10 Things To Know About Engine-Swapping

Swapping engines can be tricky, and not to mention dangerous, if you don't know what you are doing. They can weigh as little as 300 pounds, or more than 700, which leaves a lot of room for error with weight alone. Whether it's your first time trying to pull off this feat, or you're a seasoned veteran in the field, there are a few key tips to remember.

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This list was created to help you understand the basics and key points stressed by professionals to anyone looking to perform an engine swap. You might have your own methods, but some of these hacks might make the job easier. Keep reading to learn ten things you should know about engine-swapping!

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10 Have the Right Tools for the Job

This might be a no-brainer, but you should make sure you have all of the tools you need before starting this project. The most important piece of equipment you should buy is an engine hoist, to help you remove the old engine and put the new one in with ease. It might be a bit expensive, but it's worth it to avoid a potential injury.

You should also look into purchasing a torque wrench, socket set, engine stand, and an air socket wrench. The list is different for everyone depending on what needs to be done in order for it to work in your vehicle. It is also smart to start off with a few tools and buy the others as you go, as it can help save you some money.

9 Remove Everything in Your Way

It might seem annoying to have to remove more than just the engine block, but in the end it will make your life that much easier. Many people make the mistake of trying to work around a certain part or piece they don't want to remove, and they pay for it in time, as it increases the challenge of the swap. No one said this project was going to be easy, but that doesn't mean you have to make it that much more difficult by being too lazy to remove a troublesome part.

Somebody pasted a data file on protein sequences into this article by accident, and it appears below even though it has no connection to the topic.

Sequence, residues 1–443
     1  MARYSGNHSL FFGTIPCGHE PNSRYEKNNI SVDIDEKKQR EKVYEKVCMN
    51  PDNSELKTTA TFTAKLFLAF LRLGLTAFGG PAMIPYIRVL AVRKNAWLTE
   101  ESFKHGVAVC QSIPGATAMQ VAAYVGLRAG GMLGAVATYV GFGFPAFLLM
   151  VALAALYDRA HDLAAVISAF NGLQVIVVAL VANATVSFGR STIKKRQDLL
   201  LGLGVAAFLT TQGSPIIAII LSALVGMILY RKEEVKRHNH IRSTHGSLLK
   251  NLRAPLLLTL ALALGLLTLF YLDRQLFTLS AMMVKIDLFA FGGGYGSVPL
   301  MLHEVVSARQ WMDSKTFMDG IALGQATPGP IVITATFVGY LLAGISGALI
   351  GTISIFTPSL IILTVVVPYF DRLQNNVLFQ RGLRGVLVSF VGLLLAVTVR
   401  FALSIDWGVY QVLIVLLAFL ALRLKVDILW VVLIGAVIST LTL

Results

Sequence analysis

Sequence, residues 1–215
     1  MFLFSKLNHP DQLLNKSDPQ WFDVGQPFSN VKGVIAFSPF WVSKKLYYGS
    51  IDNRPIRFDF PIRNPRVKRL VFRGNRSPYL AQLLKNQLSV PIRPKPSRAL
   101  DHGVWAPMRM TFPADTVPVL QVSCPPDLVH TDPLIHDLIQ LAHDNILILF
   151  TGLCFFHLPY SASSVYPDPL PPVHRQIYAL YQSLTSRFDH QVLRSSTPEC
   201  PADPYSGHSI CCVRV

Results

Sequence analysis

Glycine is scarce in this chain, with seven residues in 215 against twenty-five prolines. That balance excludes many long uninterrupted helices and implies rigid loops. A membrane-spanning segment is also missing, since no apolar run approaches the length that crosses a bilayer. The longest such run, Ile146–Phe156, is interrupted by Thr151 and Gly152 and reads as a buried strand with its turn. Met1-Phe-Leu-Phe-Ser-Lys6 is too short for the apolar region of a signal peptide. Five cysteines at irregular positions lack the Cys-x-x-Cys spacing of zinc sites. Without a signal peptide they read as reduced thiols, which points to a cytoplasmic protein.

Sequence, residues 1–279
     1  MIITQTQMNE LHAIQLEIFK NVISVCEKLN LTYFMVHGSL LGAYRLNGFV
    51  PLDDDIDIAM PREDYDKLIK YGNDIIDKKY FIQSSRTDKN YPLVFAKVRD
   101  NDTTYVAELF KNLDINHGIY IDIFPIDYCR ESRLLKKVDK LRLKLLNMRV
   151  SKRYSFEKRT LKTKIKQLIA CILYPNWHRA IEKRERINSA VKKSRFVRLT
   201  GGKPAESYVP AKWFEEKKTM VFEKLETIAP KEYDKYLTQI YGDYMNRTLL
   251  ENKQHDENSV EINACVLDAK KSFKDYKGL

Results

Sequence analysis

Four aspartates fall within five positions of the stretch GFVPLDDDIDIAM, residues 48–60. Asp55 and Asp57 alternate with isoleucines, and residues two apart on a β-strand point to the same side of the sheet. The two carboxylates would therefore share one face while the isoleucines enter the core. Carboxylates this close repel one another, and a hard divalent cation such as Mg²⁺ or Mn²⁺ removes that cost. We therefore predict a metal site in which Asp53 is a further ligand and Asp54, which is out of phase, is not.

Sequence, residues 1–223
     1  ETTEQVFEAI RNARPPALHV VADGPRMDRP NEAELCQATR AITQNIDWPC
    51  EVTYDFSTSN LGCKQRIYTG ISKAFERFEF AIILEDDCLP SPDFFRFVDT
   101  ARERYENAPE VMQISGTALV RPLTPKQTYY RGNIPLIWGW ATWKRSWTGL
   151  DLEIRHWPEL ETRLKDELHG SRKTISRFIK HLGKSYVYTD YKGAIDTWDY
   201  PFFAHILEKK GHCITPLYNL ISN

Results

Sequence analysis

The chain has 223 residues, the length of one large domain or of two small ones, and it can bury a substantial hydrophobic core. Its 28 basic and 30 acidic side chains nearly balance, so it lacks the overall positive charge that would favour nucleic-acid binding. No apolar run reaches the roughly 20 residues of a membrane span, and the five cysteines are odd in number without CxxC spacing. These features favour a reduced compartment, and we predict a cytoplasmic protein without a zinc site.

8 Make Sure to Do Your Research

You should always do your research before starting a project because you don't want to end up knee-deep in oil only to realize it won't work. The first step is to find the car service manual and learn everything you can about the space you will be working in.

It is also important that you understand how your particular engine runs and the specific components of the engine you plan to drop into your vehicle. It may seem like a lot of work, but knowing your playing field will do wonders when making the swap.

7 Drain the Oil and the Coolant

This is something a lot of first-timers forget, especially when they dive headfirst into the project. You want to make sure all of the fluids inside of the vehicle are drained because if not, it can become a huge insufferable mess. You don't want a mix of washer fluid, oil, coolant, and power steering fluid coating your body, as well as your new engine.

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This is not only a disgusting way to work, but it can cause accidents and mistakes as the floor grows slick. Your work should matter to you, and one way to prove it does is to make sure you don't forget to drain your liquids.

6 Understand the Risks Before Going for the Reward

You should understand the amount of work that goes into these vehicles, and be able to figure out how to do it well. Oftentimes, people who have no idea what they are doing perform some shady repairs that result in a faulty engine. They use alternative methods that can lead to dangerous mishaps and potentially put everyone involved at risk.